Right To Be Forgotten

Atty.Betül Arslan

 

Internet has become a real and an important part of our social lives, and any news are  published on numerous websites on internet, and become widespread within a short period of time. And those people who are mentioned in such news, may have trouble, as the news is published on different platforms in a short time. Even after many years, people who had been mentioned in news, can be found by typing their names on a search engine, and therefore, anyone can access the information about such people’s private lives. The right to be forgotten has emerged as a reflection of the protection of right to privacy and is a right that could be considered to propose the need for a balance between the freedom of expression and press and protection of right to reputation. The right to be forgotten refers to individuals’ right to demand the removal of any news from the internet, in the cases where such news are true and contains such information as identity, photographs, videos and address of such individuals, however, is not newsworthy any further, and loses its currency.

The right to be forgotten has been recognized officially through the case that is known as the Google Case.[1] The Google Case concerns Mario Costeja González, a Spanish national resident attorney, who searches his name on Google Search, and found the news stating he had to sell his house, and suffered due to the proceedings for the recovery of social security debts. The Google Case, having been heard and decreed in Spanish Courts, was brought to European Court of Justice, and the judgement was delivered on 13.05.2014. As per this judgement, individual has the right to say on their personal data that are imperfect, void, irrelevant, and to demand the removal and prevention of circulation of such data.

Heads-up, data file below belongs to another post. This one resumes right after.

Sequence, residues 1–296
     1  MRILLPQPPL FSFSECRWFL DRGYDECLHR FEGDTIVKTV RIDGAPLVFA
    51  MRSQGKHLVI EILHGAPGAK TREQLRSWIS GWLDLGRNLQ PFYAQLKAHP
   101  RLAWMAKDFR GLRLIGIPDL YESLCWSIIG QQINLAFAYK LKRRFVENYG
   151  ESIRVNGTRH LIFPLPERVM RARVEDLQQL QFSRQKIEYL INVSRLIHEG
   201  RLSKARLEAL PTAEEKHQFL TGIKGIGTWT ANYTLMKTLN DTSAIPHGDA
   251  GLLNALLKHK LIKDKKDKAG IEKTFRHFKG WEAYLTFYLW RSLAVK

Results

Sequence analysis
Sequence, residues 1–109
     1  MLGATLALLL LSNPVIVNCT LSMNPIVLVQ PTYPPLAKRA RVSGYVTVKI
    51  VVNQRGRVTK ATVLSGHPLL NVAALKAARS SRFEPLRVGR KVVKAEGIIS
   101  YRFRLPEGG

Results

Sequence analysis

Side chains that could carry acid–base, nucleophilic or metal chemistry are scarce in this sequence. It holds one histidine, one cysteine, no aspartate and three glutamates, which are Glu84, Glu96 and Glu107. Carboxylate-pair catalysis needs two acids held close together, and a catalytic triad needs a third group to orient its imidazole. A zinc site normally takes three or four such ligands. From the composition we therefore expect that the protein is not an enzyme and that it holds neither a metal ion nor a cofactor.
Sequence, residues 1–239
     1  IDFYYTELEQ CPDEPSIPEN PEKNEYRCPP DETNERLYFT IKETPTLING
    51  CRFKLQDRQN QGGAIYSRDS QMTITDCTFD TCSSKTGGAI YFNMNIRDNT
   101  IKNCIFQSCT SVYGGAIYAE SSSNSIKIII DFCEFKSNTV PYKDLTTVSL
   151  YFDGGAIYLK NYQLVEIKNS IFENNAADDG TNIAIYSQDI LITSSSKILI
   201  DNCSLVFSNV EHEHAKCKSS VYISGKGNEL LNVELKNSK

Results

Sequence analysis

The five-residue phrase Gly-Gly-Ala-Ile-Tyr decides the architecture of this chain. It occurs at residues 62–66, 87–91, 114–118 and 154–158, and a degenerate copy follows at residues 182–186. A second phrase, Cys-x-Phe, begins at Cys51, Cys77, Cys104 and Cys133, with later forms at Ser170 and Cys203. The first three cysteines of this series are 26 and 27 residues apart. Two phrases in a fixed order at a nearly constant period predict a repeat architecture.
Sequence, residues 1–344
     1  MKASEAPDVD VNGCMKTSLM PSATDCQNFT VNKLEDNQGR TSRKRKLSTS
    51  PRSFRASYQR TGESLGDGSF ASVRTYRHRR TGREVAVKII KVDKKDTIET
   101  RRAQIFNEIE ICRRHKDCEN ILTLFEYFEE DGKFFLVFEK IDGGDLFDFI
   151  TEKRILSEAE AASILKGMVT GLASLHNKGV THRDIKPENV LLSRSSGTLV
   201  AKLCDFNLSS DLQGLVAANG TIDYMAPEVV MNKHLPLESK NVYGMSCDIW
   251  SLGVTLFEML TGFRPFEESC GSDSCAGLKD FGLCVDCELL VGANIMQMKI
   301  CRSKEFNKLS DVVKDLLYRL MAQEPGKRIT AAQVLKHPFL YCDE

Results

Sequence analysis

This right, referred to as the right to be forgotten in Universal Law, has been brought to Plenary of the Constitutional Court of the Republic of Turkey. The claimant in the said Case, had sent a warning to a national media institution on 02.04.2013, for the removal of three different news from 1998 and 1999 in that media institution’s internet archives, reporting the claimant had been imposed a punitive fine due to drug abuse, as the said media institution had not removed such contents within two days, the claimant filed a claim before 36th Criminal Court of Peace of Istanbul (abolished), on 18.04.2013, the court delivered a judgement stating “the said news had lost their currency, there isn’t any public interest in keeping them publicly accessible, and in the current conditions, they contain information of insulting and destructive nature as to the privacy of the claimant”, and on the grounds of this accepted the case. Upon objection to the said judgement, 2nd Criminal Court of First Instance of Istanbul ordered the revocation of this judgement on 28.05.2013, and the judgement was served to the claimant on 21.06.2013. The claimant claimed that due to rejection of his claims for the removal of the news contents regarding the abuse due to which, the claimant was imposed a punitive fine, from the websites, by the judicial authorities, his rights that are secured under Articles 12, 17, 20, 25, 26, 27 and 32 of the Constitution, had been violated.[2]